DranemOne wonders whether Dranem made his career on lampooning other nationalities, or is it just that these are the examples that happen to have survived. Anyway, my own reaction to a Frenchman mocking the British are rather different to when he mocked the Chinese. Partly, from my familiarity with the culture, I know that he’s making fun of a lot of the same things that British comics would in later years (think “Monty Python”). But, there’s always that question of power as well – while the French were a colonial power and the Chinese were at this time colonized, the British were if anything leaders in the colonial game. Still, it’s a reminder of the very human nature of making fun of what is unfamiliar to us, the question of what kinds of humor are or are not acceptable in different times and places, and the difficulty humans have in accepting one another without judging.

Director: Alice Guy

Camera: Unknown (possibly Alice Guy or Anatole Thiberville)

Starring: Armand Dranem

Run Time: 3 Min

You can watch it for free: here.

Dranem Performs “The True Jiu-Jitsu” (1905)

Alternate Title: Dranem, Le Vrais Jiu-Jitsu

This is another short sound-disc movie from Alice Guy which features a singer. In this case, the singer is Armand Dranem, often just called by the stage name “Dranem” (which is a reversal of his birth last name, Menard), who was a rising star in France at the time.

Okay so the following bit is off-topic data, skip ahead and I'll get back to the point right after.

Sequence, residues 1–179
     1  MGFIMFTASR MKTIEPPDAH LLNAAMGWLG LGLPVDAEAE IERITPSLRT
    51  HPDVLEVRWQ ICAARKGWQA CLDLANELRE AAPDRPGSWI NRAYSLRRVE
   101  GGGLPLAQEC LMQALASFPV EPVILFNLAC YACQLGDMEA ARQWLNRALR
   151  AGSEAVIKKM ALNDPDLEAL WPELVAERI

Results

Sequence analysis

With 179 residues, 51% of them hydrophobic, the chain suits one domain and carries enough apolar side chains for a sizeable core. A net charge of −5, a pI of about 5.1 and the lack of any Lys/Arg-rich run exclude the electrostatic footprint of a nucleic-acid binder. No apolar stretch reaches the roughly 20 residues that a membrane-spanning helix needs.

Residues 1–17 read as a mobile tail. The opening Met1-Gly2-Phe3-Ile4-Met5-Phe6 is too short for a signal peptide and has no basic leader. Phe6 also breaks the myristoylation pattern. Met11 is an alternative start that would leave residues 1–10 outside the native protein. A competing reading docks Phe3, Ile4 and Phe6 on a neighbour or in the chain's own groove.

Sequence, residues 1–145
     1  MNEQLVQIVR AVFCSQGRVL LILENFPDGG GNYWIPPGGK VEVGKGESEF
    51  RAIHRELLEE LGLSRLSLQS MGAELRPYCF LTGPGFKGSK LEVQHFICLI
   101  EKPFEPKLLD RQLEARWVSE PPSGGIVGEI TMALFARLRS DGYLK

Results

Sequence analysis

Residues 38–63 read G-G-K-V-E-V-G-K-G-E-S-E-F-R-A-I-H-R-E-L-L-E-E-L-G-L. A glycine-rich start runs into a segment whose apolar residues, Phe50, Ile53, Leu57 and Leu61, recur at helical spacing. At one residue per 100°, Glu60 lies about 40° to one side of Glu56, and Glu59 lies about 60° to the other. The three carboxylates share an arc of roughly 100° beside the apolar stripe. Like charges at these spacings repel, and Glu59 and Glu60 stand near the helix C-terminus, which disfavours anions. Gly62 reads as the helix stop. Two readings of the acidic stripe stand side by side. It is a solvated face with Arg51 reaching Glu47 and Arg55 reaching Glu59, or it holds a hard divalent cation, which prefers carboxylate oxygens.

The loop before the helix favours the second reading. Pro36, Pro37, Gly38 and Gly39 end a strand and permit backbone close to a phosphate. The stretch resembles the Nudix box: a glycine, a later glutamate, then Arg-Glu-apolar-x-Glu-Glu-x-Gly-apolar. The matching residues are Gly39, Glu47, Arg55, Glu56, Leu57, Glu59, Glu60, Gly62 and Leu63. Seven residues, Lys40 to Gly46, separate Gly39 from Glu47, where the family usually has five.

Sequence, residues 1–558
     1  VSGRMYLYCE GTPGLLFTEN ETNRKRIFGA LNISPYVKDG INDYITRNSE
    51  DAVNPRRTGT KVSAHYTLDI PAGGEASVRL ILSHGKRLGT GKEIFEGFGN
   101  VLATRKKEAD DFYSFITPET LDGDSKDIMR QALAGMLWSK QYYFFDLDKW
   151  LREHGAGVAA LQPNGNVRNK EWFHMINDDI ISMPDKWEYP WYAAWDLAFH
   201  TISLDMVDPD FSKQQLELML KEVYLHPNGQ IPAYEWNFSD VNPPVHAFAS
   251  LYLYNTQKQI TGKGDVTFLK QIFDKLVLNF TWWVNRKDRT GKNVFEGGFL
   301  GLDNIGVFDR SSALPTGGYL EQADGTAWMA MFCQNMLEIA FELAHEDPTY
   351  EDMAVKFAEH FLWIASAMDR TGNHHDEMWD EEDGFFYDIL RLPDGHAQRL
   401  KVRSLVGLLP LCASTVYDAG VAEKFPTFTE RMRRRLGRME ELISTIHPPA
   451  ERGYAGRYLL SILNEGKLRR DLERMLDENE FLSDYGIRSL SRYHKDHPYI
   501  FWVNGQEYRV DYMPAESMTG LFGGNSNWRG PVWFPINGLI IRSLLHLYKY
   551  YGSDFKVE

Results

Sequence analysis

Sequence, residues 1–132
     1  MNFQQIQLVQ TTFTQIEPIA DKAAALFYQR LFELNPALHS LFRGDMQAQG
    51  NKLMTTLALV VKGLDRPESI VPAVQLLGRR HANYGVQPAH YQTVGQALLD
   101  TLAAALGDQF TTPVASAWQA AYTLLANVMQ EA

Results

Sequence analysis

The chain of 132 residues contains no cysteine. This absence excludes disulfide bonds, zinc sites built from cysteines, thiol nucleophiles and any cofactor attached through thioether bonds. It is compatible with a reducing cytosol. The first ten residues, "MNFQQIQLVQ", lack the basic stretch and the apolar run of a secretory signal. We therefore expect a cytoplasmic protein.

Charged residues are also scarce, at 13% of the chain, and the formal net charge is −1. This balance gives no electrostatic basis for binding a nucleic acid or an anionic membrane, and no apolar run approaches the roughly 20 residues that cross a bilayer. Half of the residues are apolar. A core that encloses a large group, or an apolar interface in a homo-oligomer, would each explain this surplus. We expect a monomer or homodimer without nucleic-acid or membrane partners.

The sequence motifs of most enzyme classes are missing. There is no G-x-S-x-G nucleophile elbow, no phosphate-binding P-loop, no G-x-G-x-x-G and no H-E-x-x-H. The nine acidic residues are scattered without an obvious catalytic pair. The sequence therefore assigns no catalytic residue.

Dranem Jiu Jitsu

What we see is quite familiar by now: a small stage with a backdrop and the singer walks out and begins his song. In this case, the backdrop is sort of abstract – it reminded me at first of the sea floor, but after a while I decided that the floating shapes were not actually fish. Dranem himself is somewhat non-descript and closely resembles Polin, in fact. The song he performs, and his attire, however, would be more acceptable in 1900’s comedy than today. He wears a long ponytail and is dressed up to resemble an Asian, specifically a Chinese man. I did not look up the lyrics this time, because I got the idea without them: he is making fun of Chinese accents and people. Probably a big hit at the time, it doesn’t seem that funny to me now.